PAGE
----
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Smart Money Moves: 7 Steps to Financial Security

George Grombacher March 7, 2022

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Smart Money Moves: 7 Steps to Financial Security

Over the course of our lifetimes, we’re going to make some smart money moves, and some dumb ones. 


I’ve certainly made my fair share of bad financial decisions. 


My 20s were spent in the 2000s, and the only way I’d know if I had any money in my checking account was when I went to an ATM and it invited me to “check my balance.” That was always a tense moment. 


During that time period, I didn’t pay attention to what, or how much, I was spending money on. I abused credit cards, and my long-term planning centered around weekend nights. 


Fortunately for me, when I hit 30, I accepted responsibility for my life and finances, and started digging out of the hole I dug.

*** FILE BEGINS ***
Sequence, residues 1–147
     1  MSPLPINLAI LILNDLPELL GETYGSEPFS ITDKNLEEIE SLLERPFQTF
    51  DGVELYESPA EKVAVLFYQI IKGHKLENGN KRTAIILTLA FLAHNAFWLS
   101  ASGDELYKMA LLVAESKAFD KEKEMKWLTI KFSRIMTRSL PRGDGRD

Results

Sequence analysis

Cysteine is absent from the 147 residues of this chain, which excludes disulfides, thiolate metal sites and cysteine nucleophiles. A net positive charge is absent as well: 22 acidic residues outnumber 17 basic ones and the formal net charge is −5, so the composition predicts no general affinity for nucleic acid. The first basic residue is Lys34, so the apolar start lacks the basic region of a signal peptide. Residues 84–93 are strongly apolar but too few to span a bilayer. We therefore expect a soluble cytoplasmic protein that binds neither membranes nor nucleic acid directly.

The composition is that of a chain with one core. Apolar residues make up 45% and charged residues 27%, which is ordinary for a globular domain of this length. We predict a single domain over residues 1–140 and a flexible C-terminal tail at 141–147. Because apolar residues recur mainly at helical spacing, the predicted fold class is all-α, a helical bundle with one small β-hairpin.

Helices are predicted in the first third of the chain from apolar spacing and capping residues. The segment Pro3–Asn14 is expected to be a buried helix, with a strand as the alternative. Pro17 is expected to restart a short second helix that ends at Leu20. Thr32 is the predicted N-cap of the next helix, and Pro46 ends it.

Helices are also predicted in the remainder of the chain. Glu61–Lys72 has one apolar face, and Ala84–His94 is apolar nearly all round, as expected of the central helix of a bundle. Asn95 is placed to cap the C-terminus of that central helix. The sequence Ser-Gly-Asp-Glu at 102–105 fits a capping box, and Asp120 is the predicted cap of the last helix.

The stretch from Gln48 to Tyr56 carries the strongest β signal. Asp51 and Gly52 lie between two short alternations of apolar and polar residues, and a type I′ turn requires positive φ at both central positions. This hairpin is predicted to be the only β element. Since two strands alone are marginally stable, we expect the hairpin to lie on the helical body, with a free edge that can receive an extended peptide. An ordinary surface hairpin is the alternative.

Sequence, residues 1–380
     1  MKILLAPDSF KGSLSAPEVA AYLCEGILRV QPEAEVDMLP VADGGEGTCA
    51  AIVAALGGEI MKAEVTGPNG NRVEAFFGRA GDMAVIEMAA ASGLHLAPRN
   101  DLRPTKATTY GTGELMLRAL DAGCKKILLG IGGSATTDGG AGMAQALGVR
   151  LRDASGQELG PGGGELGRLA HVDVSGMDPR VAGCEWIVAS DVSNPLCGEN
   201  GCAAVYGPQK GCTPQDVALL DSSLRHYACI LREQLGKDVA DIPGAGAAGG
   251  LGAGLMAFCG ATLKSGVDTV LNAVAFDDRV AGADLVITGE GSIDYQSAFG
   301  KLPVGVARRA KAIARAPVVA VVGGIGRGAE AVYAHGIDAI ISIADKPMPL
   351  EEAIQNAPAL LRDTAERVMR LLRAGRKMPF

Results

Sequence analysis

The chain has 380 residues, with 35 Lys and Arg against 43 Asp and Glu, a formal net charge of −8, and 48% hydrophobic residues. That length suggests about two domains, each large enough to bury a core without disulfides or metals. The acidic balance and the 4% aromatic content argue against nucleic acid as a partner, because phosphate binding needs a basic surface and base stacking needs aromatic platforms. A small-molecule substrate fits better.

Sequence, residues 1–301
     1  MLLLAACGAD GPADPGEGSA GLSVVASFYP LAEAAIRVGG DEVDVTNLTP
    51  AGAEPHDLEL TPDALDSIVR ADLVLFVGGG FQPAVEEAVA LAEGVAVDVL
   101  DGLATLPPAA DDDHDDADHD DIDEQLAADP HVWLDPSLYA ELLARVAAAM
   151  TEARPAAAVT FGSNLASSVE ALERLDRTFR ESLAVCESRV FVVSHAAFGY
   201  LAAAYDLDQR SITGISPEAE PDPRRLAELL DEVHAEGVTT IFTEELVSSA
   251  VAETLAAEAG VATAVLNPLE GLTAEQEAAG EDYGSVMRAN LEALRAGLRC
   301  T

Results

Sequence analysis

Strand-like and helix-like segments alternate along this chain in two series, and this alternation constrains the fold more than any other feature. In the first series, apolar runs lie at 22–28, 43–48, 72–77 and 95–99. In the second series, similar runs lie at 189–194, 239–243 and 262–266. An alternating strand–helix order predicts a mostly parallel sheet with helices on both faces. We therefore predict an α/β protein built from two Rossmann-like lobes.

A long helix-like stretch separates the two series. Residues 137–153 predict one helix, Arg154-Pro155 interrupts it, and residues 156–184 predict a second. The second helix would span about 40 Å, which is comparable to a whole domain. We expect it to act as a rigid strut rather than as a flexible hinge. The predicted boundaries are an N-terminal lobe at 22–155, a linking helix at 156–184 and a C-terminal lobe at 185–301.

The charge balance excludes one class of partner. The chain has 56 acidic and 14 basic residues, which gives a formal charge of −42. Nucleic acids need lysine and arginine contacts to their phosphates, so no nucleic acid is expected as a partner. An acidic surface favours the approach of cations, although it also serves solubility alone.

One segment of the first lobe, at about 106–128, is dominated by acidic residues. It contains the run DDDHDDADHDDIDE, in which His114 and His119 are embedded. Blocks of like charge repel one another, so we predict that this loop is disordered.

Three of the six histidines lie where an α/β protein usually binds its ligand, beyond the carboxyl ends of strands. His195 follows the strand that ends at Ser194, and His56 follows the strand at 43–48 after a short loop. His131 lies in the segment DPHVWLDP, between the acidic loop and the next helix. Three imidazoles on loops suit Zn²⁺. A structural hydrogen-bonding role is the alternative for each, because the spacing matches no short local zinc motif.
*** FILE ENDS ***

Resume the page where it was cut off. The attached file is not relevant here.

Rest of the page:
I want to share the 7 steps I followed to get out of debt and on my way to financial security and success. I can also report that over the subsequent 13 years, I’ve made a lot of smart money moves, but that’s a story for another day. 


Here are the 7 steps:


  1. Know your “facts.” When talking about personal finance, your facts are your current financial situation, meaning your cash flow and budget. 
  2. Know yourself. It’s imperative to get clear on your beliefs about money and your goals and priorities.
  3. Set your initial emergency fund. Get $1,000 saved in an account separate from your everyday checking account.